Eat balanced meals, get regular exercise, and get plenty of sleep. These can help you stay healthy. And don't do all-nighters. The stress on your body can increase the risk of an asthma flare-up.
If you’re sick, take care of yourself. You may feel as though you’re missing out. But you’ll miss more if you end up with a serious asthma flare-up. Check with your professors and administrators about attendance policies. Tell them about any special needs you have.
If college pressures, social challenges, or other stressors get to be too much for you to handle, look into student counseling services. They are often free or available at a reduced fee.
Managing your asthma
Here are other things that can help you manage your asthma:
Make sure you get answers to any questions you have about your Asthma Action Plan. Make sure it's up-to-date and that you have copies with you.
Try to stay away from triggers. Many young people on college campuses smoke. Try to stay away from smoking areas.
Take your controller medicines every day or as instructed by your provider.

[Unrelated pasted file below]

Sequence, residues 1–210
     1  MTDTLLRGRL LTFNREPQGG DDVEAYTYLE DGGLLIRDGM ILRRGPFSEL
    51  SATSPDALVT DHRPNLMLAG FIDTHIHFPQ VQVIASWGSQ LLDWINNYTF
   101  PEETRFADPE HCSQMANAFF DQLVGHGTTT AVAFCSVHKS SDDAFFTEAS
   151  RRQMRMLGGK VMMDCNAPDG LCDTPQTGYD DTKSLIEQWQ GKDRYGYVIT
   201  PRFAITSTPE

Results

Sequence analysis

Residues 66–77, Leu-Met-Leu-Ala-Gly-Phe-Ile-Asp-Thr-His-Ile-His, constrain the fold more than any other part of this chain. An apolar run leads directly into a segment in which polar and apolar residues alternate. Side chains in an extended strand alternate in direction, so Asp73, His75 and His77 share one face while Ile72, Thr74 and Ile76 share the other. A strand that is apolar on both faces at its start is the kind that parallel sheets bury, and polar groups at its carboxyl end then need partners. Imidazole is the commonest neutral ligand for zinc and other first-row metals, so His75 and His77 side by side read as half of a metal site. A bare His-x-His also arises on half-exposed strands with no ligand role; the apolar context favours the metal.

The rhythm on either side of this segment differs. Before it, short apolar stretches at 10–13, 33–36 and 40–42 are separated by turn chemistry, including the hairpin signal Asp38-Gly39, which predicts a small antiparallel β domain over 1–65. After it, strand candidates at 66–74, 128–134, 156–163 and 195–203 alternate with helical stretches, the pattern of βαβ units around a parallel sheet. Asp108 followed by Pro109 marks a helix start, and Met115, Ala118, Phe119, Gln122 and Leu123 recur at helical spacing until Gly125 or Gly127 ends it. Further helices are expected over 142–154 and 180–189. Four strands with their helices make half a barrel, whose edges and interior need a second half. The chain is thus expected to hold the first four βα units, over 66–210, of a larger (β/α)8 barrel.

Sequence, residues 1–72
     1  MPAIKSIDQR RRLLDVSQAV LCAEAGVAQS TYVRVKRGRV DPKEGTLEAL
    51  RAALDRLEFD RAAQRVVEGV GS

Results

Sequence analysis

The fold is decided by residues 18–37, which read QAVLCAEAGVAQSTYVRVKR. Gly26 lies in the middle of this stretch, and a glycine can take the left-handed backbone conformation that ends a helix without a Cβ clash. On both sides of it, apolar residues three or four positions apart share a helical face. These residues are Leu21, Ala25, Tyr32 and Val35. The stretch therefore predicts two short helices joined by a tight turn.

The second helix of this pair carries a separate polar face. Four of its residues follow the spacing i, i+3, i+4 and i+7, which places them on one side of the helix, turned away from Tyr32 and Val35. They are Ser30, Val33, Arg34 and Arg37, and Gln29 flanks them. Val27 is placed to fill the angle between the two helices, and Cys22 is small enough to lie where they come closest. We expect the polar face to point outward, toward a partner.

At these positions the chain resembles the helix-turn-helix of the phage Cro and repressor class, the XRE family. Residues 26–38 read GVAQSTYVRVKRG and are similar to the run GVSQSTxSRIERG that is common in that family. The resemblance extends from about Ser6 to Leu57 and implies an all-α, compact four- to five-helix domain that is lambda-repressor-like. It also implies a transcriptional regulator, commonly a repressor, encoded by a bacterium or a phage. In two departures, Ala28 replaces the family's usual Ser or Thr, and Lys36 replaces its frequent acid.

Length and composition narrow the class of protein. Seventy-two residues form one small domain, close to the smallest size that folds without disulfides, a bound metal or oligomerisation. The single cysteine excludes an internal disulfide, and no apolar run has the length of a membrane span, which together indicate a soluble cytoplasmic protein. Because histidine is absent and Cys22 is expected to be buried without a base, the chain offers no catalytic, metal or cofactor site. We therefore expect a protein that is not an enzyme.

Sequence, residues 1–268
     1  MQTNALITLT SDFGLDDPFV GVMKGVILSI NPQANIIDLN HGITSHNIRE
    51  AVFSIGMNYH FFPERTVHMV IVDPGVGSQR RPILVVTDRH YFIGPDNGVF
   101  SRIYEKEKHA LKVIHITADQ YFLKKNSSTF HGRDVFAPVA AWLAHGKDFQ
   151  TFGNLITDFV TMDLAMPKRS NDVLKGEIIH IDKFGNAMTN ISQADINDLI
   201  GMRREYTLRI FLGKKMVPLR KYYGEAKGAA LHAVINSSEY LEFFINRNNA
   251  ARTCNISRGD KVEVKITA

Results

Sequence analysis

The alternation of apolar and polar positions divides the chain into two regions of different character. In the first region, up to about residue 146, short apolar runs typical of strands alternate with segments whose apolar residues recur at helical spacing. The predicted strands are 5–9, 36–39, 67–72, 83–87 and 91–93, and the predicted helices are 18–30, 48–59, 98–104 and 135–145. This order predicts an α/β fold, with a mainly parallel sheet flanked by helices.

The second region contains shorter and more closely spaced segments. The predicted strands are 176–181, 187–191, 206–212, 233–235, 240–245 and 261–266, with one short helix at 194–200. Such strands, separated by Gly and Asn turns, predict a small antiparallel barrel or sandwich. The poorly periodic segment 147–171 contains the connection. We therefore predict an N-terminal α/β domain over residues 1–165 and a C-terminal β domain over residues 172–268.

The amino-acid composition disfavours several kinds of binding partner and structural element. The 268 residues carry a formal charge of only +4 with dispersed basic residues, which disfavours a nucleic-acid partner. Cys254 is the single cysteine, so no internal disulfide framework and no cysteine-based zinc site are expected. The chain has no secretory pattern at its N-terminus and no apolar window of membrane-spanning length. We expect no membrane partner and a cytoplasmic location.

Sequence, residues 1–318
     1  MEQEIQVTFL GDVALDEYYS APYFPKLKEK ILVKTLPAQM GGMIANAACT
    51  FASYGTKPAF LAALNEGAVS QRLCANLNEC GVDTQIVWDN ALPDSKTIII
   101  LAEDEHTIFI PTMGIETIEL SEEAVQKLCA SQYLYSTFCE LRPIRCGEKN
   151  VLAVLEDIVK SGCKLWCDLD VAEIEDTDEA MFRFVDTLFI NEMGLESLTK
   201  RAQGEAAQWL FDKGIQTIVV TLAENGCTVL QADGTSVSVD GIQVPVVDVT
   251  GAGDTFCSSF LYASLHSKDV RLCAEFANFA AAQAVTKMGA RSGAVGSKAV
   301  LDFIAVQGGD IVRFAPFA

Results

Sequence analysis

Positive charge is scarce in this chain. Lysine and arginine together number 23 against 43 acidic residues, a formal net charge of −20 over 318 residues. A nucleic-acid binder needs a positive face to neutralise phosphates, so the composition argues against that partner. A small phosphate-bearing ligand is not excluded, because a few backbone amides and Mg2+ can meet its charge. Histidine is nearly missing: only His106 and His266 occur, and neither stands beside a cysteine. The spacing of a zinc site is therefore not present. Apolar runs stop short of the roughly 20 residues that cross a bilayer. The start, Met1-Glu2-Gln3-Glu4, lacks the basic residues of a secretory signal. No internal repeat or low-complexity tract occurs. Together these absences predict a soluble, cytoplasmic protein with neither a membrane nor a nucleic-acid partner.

Watch for early signs of worsening asthma. Or if you use a peak flow meter, check your peak flow as instructed. If you notice changes, use your quick-relief medicine.
If you use quick-relief medicine to prevent exercise or physical activity from triggering symptoms, remember to use it. Keep an inhaler in your purse or back pack.
Make sure your roommates, friends, and dorm leaders know what to do if you have symptoms. Know how to get emergency help.
Make sure you are familiar with the campus health system. And ask your current healthcare provider if you should find an asthma specialist on or near campus.
Online Medical Reviewer: Alan J Blaivas DOAmy Finke RN BSNDaphne Pierce-Smith RN MSN CCRC
Date Last Reviewed: 8/1/2018
Copyright Health Ink & Vitality Communications
- Asthma in Children
- Asthma in Children Index
- Asthma Triggers
- Chronic Respiratory Disorders